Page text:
From the establishment of a successful colony, over the next century and a half, Sainte-Lucie remained almost exclusively under French administration, though it was captured by the British and returned to the French over a dozen times. In 1667, after signing the Treaty of Breda, which ended the Second Anglo-Dutch War, the colony was transferred to the administration of the French West India Company. When that company was dissolved in 1674, Louis XIV made it a crown colony, as a dependency of Martinique. As colonisation spread throughout the island, settlers brought in slaves to work the coffee and cocoa farms they had established. In France, the precursor to nationality, which evolved during the Ancien Régime, was a system of feudal allegiance in which subjects were bound together by a scheme of protection and service tied to land ownership. Possession of land was typically tied to military and court service and omitted women because they could not perform those obligations. Thus, French nationality also derived from place of birth in French territory, until the nineteenth century, but under feudal law married women were subjugated to the authority of their husbands under coverture. The French Empire created separate codes for the colonies and the motherland, resulting in little global standardisation of French law.
Numerous colonial laws issued from 1550 governed the French Antilles until the Code Noir was decreed by Louis XIV in 1685. The Code was designed to control the social relations between black and white people in the Caribbean and contained provisions for naturalisation of freed persons. Producing illegitimate children with slaves carried heavy penalties; however, marrying a slave woman in a church automatically manumitted her and any offspring the marriage. Children followed the status of the mother, regardless of the father's status, thus if she was a slave her children were slaves and if she was free her children were free. The abolition of slavery in 1794 granted French nationality to all men in the French colonies, but the reestablishment of slavery in 1802, made the status of colonial subjects confusing. In 1805, the Napoleonic Civil Code was extended to the French Antilles, but the capture of Sainte-Lucie in 1803, during the Napoleonic Wars, meant that the law in force in the colony at the time of its capitulation was the Coutume de Paris. Under the terms of the 1814 Treaty of Paris the territory was granted to Britain.
In Britain, allegiance, in which subjects pledged to support a monarch, was the precursor to the modern concept of nationality. The crown recognised from 1350 that all persons born within the territories of the British Empire were subjects. Those born outside the realm -- except children of those serving in an official post abroad, children of the monarch, and children born on a British sailing vessel -- were considered by common law to be foreigners. Marriage did not affect the status of a subject of the realm. Other than common law, there was no standard statutory law which applied for subjects throughout the realm, meaning different jurisdictions created their own legislation for local conditions, which often conflicted with the laws in other jurisdictions in the empire. For example, British laws of conquest held that when a territory was acquired by being conquered or ceded, the existing laws remained in place. An ordinance issued in 1817, by the Governor of Saint Lucia, Richard Augustus Seymour, confirmed that the customs, laws, and regulations of France remained in place. This created confusion for British administrators who had to interpret the unfamiliar language and laws, as well as conflict with the French judiciary and British governors.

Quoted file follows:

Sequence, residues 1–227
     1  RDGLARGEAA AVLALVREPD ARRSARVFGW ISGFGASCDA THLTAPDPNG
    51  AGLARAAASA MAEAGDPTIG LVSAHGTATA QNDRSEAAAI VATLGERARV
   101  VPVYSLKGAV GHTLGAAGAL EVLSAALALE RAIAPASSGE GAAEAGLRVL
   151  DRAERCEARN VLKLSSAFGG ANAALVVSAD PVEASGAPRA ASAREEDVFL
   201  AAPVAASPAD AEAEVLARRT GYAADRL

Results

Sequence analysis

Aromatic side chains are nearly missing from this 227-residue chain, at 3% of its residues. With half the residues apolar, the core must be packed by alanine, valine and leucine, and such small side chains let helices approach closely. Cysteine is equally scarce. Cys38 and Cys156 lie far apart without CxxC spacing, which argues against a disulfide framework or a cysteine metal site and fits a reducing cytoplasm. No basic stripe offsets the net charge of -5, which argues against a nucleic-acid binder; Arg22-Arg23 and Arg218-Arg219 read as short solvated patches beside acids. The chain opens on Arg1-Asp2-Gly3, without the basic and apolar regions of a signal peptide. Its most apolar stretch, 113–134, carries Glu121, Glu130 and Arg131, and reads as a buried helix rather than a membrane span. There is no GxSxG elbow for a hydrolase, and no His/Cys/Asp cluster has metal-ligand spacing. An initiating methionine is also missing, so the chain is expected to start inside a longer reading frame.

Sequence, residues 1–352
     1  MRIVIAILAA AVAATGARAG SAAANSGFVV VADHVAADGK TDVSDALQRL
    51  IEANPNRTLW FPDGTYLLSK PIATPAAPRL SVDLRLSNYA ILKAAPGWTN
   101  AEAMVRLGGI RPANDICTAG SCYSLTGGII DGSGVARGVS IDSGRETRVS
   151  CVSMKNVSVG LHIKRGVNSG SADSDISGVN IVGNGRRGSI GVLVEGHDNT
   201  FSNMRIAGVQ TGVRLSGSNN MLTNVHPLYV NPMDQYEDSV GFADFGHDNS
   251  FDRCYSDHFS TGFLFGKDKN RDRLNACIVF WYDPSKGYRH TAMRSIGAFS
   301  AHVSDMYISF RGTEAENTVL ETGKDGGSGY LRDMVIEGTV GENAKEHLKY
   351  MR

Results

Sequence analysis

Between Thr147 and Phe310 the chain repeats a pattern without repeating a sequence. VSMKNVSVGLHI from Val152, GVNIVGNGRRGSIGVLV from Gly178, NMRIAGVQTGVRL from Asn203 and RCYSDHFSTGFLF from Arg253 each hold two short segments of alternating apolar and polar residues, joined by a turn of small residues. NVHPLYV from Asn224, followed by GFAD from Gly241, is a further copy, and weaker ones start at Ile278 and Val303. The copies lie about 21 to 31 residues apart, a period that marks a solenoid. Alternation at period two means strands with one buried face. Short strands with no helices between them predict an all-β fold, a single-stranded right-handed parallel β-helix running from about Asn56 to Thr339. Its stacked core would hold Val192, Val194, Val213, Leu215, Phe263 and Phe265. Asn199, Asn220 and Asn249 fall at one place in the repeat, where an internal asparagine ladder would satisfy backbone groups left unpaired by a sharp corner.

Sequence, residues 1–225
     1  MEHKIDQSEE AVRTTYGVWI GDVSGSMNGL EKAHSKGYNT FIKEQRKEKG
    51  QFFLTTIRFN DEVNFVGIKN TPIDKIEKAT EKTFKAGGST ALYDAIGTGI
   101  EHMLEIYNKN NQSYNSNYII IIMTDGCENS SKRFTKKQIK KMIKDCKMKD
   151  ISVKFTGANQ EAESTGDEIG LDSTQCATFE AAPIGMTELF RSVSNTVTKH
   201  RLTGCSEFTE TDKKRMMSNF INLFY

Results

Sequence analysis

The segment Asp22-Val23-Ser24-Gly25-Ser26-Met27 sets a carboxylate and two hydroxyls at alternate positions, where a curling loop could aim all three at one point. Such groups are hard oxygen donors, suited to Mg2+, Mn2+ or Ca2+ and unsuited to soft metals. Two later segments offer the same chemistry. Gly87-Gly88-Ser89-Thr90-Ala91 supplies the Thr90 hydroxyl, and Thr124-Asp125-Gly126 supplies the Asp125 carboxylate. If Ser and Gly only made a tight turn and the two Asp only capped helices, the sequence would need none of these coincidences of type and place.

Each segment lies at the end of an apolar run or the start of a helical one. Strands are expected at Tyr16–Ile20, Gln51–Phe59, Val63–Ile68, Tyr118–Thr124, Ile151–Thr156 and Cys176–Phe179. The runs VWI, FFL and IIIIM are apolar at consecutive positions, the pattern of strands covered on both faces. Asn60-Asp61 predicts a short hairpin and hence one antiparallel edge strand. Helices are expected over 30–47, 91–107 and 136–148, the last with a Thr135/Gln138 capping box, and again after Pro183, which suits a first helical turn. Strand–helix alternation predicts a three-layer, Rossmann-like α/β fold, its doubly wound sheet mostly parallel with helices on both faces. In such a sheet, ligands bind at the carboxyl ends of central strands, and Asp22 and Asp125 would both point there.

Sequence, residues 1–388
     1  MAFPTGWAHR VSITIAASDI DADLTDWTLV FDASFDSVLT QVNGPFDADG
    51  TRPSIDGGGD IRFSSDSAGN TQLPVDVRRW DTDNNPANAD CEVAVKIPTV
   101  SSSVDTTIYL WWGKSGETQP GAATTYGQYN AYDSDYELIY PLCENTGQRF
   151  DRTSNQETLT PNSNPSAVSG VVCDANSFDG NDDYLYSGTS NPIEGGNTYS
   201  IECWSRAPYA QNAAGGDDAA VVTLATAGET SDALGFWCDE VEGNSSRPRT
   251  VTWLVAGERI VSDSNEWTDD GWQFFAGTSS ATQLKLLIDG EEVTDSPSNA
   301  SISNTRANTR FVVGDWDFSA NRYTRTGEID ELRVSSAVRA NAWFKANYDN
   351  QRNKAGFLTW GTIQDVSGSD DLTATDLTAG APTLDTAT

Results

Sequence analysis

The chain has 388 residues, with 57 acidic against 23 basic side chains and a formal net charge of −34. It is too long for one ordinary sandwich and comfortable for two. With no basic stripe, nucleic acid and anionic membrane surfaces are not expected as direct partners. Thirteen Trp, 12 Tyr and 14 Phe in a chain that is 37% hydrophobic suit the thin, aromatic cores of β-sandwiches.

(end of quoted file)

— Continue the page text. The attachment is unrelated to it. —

In 1819, the Governor, John Keane, 1st Baron Keane, approached legal advisors and requested that they examine whether the Code de la Martinique could be adopted for Saint Lucia. The legal advisors refused to cooperate or even make the laws that were in force in Saint Lucia available, claiming they had been lost in a fire. By 1830, the only British laws which had been extended to the territory were the Slave Trade Act 1807, barring the Atlantic slave trade in the empire; the West Indian and American Trade Act 1822, which controlled trade between the Caribbean and the United States; the Factors Act 1823, as amended in 1825, which regulated the exchange of goods and the security liens which capitalised those transactions; and the Customs Act of 1823, amended in 1824 and 1826, which regulated the tariffs and duties of various commodities. In 1831, through an Order in Council the Colonial Office changed the court system and brought under consideration the use of English in oral pleadings. These changes were strongly objected to by the planters, who submitted a petition to the governor complaining about the changes. By 1833 only judges trained in English law were appointed to the bench, but pleadings were still conducted in French and per a compromise reached French would be allowed until 1840, when English would become mandatory.
The Slave Trade Act had not abolished slavery, which did not end until the 1833 Emancipation Act went into effect in 1834. Under its terms, slaves were converted into apprentices and remained bound to their former owners for four years if they had worked in the home and for six years if they had been field labourers. To further delay the change to English in Saint Lucia, the argument was used by jurists that the language shift should not occur until after the apprenticeship period ended to give former slaves adequate time to learn the new official tongue, thus laws continued to be made in both languages for many years. In 1838, the apprenticeship system ended, as British officials felt difficulties would arise from the differing schedules for freedom. Though free, there was never a British plan to give former slaves a voice in Parliament, leaving them as British subjects in a highly stratified system of rights. Denied political and economic rights, former slaves were not entitled to formal recognition as nationals by other nations. In 1838, Saint Lucia was incorporated into the British Windward Islands colony, which was administered by the Governor of Barbados. In 1845, Arthur Wellesley Torrens, Lieutenant-Governor of Saint Lucia proposed that the laws for the territory be compiled. He stressed that English copies of the Coutume de Paris, Code de la Martinique, and British laws should each form part of the compilation. The compilation had not been completed in 1848, when Charles Henry Darling replaced Torrens as Lieutenant-Governor and he personally took on the task of completing it. In 1851, Darling sent his compilation to William Colebrooke, Governor-General of the Windward Colony, which was approved by the Legislative Council, and in 1853 the collected laws of Saint Lucia were first published.